Butternut Squash Bread

"My friend Debbie shared this recipe with me years ago. When my husband first tried her bread, he had said to me "Why can't you make squash taste like this." This has become a keeper at our house."
photo by Dine  Dish photo by Dine  Dish
photo by Dine Dish
Ready In:
2hrs 20mins
3 loaves




  • In a mixing bowl, dissolve yeast in water; let stand 5 minutes.
  • Add squash, milk, eggs, butter, sugar and salt; mix well.
  • Gradually add 3 ½ cups flour; beat until smooth.
  • Add enough remaining flour to form a soft dough.
  • Turn onto a floured board; knead until smooth and elastic, about 6-8 minutes (5 mins in the mixer).
  • Place in a greased bowl, turning once to grease top.
  • Cover and let rise in warm place until doubled, about 1 hour.
  • Punch dough down.
  • Shape into three loaves; place in greased 8 x 4 x 2 inch loaf pans.
  • Cover and let rise until doubled about 30 minutes.
  • Bake at 375 for 20 minutes or until tops are golden.
  • Remove from pans to cool on wire racks.

Questions & Replies

  1. can you use hubbard squash in stead of butternut?
  2. Why does the recipe call for 7-7 1/2 cups flour but only uses 3 1/2 cups?
  3. can gf ap flour be used?
  4. Do you think this recipe could be adapted for a bread machine


  1. This bread is both delicious and beautiful. It reminds me of brioche, only easier to make. It was moist without being soggy or mushy in any way (the way a quick bread can). It was a good, simple yeasty bread with only the slightest hint of sweetness. This recipe is definitely a keeper. I personally had trouble getting the loaf to come out of the (greased) pan, so next time, I intend on lining the pan with parchment paper.
  2. This was my first time ever to make bread with yeast; I've only attempted the sweet breads before that don't require yeast (i.e. banana bread, pumpkin bread). I didn't know what to expect as far as flavor, but very pleased with the result. The squash doesn't add any flavor to the bread; it comes out tasting like the plain loaves that my mom made at home during my childhood, but it definitely makes it more moist than a regular bread recipe. And I like knowing that I'm getting my DH & DD to eat more veggies! I've never had challah, so I can't compare that as the other reviewers did. Overall, this was an easy recipe to follow, and tastes very good.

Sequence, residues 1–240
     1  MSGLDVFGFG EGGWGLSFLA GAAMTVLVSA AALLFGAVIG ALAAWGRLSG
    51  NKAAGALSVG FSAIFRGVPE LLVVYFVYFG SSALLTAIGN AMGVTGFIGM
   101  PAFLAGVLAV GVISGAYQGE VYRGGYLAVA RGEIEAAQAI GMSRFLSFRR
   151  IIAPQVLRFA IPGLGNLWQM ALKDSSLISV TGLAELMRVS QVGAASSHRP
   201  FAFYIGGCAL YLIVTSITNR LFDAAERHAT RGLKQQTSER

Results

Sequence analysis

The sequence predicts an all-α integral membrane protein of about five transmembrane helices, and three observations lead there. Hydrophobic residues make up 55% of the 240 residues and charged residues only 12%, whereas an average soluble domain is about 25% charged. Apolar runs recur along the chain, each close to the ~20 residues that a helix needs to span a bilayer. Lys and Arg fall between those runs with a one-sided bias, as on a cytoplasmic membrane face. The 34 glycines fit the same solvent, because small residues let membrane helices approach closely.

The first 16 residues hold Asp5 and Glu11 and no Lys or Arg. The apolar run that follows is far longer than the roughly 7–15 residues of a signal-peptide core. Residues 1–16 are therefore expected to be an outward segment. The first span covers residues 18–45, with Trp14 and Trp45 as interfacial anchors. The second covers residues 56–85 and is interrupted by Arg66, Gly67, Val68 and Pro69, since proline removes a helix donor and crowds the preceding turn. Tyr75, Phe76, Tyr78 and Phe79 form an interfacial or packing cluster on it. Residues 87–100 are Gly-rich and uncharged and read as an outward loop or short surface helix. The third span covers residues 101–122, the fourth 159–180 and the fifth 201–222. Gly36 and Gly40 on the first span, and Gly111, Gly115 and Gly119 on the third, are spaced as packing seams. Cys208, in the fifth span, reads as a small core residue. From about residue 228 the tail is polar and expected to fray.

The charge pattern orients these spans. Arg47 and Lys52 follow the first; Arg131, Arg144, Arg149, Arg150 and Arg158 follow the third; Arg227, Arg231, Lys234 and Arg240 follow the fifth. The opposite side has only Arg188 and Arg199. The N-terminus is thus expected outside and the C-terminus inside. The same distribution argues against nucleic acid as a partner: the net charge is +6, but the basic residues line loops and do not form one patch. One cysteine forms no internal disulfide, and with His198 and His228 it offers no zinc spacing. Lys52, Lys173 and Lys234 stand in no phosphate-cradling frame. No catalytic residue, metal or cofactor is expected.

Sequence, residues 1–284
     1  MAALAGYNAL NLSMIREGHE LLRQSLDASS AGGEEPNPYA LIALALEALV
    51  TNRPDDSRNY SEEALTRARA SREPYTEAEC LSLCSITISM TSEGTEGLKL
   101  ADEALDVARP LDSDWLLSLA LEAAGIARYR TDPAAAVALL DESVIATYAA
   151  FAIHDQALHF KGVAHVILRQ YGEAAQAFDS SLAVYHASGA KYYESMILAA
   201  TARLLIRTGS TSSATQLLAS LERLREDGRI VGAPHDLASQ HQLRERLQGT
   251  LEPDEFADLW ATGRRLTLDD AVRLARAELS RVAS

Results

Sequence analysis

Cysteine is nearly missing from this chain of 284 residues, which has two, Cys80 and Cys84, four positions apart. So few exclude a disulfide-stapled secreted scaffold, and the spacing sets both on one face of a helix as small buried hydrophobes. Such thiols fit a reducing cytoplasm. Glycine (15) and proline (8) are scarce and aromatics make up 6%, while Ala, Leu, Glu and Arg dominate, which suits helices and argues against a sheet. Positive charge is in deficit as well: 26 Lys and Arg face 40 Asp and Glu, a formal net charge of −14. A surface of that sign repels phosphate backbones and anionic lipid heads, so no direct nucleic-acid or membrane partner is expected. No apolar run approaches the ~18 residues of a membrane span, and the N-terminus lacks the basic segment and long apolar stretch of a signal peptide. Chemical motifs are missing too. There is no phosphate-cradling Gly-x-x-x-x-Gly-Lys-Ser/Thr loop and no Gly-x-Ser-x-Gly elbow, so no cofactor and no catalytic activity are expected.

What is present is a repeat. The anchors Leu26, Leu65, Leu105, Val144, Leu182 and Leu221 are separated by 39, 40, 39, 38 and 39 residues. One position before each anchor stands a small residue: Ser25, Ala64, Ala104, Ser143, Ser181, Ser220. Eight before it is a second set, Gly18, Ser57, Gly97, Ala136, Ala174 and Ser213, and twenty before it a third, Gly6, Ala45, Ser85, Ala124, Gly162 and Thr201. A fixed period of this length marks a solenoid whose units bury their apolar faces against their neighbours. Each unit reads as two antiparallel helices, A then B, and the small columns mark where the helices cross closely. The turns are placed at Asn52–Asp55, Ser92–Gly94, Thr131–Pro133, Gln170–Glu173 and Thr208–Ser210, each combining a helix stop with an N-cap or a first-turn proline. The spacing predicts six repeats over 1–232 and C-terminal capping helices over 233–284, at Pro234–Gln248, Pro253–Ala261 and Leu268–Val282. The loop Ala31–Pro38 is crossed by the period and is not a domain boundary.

3. I must say this a very forgiving recipe. Made it yesterday in my mixer. To make a very long story short. Did everything & had put the dough into bowl for 1st rise,when I discovered I had flour left over & had not put in the milk. So I took DOUGH out of the bowl put in the milk & remaning flour mix again, put back into bowl for the rise, then into pans, rise again then baked. YAHOO!!!BREAD WAS PERFECT. So for those who are not bakers this is "IT". bread was very tender & "WONDERFUL. Even f you make a mistake don't fret. I'm 74, & a wonderful bake....PLEASE TRY IT..... Pat in Tucson
  4. What a fantastic bread! You can either impress your friends as it sounds like a gourmet bread, or not tell your family and they'll have eaten more veggies the sneaky way lol.<br/><br/>Bread was moist, outside looked like a perfect artisan bread. I didn't have the smaller loaf pans so I split the recipe into 2 - 9"x5.5" pans. Baked for 30 minutes & turned out beautifully. Thanks for sharing the recipe :)
  5. My husband really liked this bread. I halved the recipe because that's how much squash I had, but it took way more flour than what half would have been. I mixed it in my bread machine, so maybe that's why. It came out great, though, and I agree that it tastes like challah.



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